K was housebound this week, suffering the lovely after-effects of flea poison, including rashes, trouble breathing, and irregular heart rate, and, therefore, was in fact at home when the furbo/sneaky courier peeked in our door, left a notice, and ran away. Little did he know that F would be picking up T from school and see the little white truck parked in front of the bank in the grand Piazza around the corner from our house. K ran out and accosted him, and he claimed that he had had the enormous package on the truck and that he had a "colleague" drive off with it to a neighboring town where we would be free to pick it up the following morning after ten at their depot. We moved into High Indignation Mode and called the company we ordered it from, complaining vigorously until they called the courier company who said, okay we'll bring it back tomorrow or the next day.  Thursday came and went. Friday came and went. We complained more vigorously and said that we would cancel the order that, luckily, was paid for through Pay Pal.  Then magically, to our great shock and surprise, Saturday morning we got a phone call from an untraceable number saying that the tapis roulant would be to us within an oretta/little hour.

The nonagenarian delivered it, and, in fact, carried it up the two long flights of steep stairs without so much as dropping his cigarette out of his mouth. Then we were furbi/clever enough to follow the website's implicit advice and accept the package con riserva because if you don't you have no legal right to return it. They suggest you write that the imballato é bagnato/ package is wet or something, but we wrote that it "could have" been dropped. As any package "could have" been. Time to follow the connect the dots or paint by the numbers with the silly assembly instructions which had more stretching exercises and warnings to contact a doctor before initiating an exercise routine than constructive information in it. F is pretty handy with these things so he got it together in no time at all.

You have guessed by now what happened next. That's right, it did not work. At all. F packed back up the offending machinery and put it outside of our door so we could prepare for our dinner party that night. The italian sport equipment company played John Lennon's "Imagine" on a loop which made call waiting excruciating and pointless since no one answers on Saturday.

F was making his no-fail Italian-dinner-for-Italian-guests meal of mushroom ravioli in a mushroom lemon white wine sauce, his homemade gorgonzola bread with sun-dried tomato, olive, and artichoke tapinades, and a chocolate molten cake dessert. We invited K's best friend in Italy, Massimo, to come and also, sort of randomly, our dry cleaners.

Well K needed the dress she wore to New Year's dry cleaned and so she went to drop it off and locked eyes for a minute with Linda and found herself making an impromptu invitation. We already knew that Linda's husband Stefano was a motorcycle enthusiast because when he found out this summer that we were from NY he shared with us his dream of going on a motorcycling vacation across American on Route 66.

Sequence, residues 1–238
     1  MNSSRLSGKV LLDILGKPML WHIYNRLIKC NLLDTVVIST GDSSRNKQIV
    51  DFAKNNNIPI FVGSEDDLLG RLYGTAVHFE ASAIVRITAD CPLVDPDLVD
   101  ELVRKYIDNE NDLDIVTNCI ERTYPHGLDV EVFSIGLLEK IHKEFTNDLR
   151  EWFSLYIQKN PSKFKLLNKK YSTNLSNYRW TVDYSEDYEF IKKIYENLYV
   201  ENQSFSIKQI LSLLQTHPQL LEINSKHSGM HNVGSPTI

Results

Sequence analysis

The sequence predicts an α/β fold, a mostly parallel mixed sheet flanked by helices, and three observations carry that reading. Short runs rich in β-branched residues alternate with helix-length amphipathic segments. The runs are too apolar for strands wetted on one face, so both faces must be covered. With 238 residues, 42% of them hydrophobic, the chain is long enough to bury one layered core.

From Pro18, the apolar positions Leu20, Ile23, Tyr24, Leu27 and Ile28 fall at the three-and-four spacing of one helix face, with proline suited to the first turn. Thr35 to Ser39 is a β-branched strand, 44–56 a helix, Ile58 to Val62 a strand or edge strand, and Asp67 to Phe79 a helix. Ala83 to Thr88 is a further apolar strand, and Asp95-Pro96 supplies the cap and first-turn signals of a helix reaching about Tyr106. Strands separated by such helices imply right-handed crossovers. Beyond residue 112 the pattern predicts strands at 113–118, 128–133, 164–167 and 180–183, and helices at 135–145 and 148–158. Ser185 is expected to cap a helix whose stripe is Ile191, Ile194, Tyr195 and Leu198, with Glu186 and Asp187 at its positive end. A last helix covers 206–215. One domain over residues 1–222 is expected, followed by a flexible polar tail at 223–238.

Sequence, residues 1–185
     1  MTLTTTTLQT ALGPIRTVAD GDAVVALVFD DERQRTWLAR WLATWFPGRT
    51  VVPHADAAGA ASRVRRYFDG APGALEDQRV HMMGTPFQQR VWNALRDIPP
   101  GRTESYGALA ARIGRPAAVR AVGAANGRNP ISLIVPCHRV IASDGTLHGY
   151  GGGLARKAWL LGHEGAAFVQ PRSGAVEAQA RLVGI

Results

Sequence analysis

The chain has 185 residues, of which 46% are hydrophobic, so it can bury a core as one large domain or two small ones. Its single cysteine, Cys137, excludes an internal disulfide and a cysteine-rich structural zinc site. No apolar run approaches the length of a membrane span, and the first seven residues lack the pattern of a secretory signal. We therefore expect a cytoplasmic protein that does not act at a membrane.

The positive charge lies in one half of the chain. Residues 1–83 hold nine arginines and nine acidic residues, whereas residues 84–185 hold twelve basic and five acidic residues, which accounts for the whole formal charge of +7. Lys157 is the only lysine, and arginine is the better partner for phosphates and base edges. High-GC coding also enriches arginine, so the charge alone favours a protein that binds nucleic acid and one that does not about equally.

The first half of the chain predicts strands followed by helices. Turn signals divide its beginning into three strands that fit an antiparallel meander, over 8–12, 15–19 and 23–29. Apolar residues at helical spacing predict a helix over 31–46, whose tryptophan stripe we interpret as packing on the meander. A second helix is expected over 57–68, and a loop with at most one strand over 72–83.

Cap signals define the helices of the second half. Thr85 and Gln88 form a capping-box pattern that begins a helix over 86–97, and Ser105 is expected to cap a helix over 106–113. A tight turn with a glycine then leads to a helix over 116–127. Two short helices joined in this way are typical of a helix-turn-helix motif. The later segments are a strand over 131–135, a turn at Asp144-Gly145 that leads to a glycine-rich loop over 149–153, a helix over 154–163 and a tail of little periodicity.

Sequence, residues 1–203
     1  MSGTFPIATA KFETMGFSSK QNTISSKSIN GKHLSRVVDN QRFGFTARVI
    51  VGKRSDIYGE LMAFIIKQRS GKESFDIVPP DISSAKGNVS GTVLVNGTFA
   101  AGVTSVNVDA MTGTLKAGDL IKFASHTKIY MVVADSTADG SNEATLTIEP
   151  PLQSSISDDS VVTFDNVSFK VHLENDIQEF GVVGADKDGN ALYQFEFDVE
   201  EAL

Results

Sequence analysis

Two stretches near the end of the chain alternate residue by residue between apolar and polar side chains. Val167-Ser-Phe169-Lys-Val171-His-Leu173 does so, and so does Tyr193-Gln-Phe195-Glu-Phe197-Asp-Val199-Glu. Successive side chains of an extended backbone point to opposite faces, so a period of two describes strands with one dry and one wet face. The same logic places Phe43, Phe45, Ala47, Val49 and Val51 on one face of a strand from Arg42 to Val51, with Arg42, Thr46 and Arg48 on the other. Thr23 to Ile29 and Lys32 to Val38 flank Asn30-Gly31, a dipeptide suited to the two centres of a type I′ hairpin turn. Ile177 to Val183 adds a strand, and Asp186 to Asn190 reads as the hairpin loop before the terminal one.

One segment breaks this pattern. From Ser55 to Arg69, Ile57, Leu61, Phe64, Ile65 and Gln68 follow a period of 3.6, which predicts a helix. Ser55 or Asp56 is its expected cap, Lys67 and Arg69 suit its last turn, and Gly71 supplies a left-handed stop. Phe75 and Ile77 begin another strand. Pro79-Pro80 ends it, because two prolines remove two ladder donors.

Massimo brought us an amazing layered, cream and rum filled chocolate cake for dessert, thus saving us the trouble of making our own. And Linda, sweetly oblivious to K's black thumb and now, phobia of plants, gave us a pot of lovely purple flowers. The dinner and conversation went off to perfection and T shocked everyone by somehow having become fairly fluent in italian without our noticing it. During dinner, Stefano told us about a horrible motorcycle accident that he was in last year that left him with metal rods and plates in his collar bone and tibia and ribs sticking into his lungs. Massimo who does energy work himself helped K to explain the bioenergy healing that she does and they made a plan so that she could see if she could help him not have to limp so much anymore.

After dinner K recounted the story of the tapis roulant to our guests and a flurry of fast italian ensued about what we should do next.  Stefano was adamant that we try to fix it ourselves and Linda proposed an electrician friend who might drop by next week.  Before we knew it, F was dragging the monstrous box back in the soggiorno and ripping off the duct tape. Stefano asked for a pointy knife from our silverware drawer and the men were off to the races!  Stefano convinced F to take off the plastic motor casing, where our sherlock holmes found a crack. A crack where the package "could have" been dropped! Unfortunately. And some wires came out from the motor. With a little tin foil from one of T's chocolate bars and the knife as tools, Stefano went to work. Linda and K stopped their conversation abruptly due to a lovely whirring sound that was offering itself up from the darkness of the machine.  Would you believe it? The thing WORKS!

And on exiting Stefano said smiling broadly and pointing enthusiastically to his leg, "okay, now you fix it."

Tuesday, February 01, 2011

Cultural Sensitivity
So I (F) started going to an Italian class at the library. The Comune offers free classes for stranieri/foreigners, but you have to be very persistent to find them.

A quick pop quiz.

If you are a country that is wrestling with how to assimilate immigrants from countries with vastly different and more conservative cultural norms, which sentences do you use in your basic language course?

A. Lei aveva avuto molti mariti e pochi amanti.
    She had many husbands and a few lovers.

B. Loro erano state sempre donnacce.
     They were always a bunch of b*tches.

C. Tutti bevano troppo.
     Everyone drank too much.

D. All of the above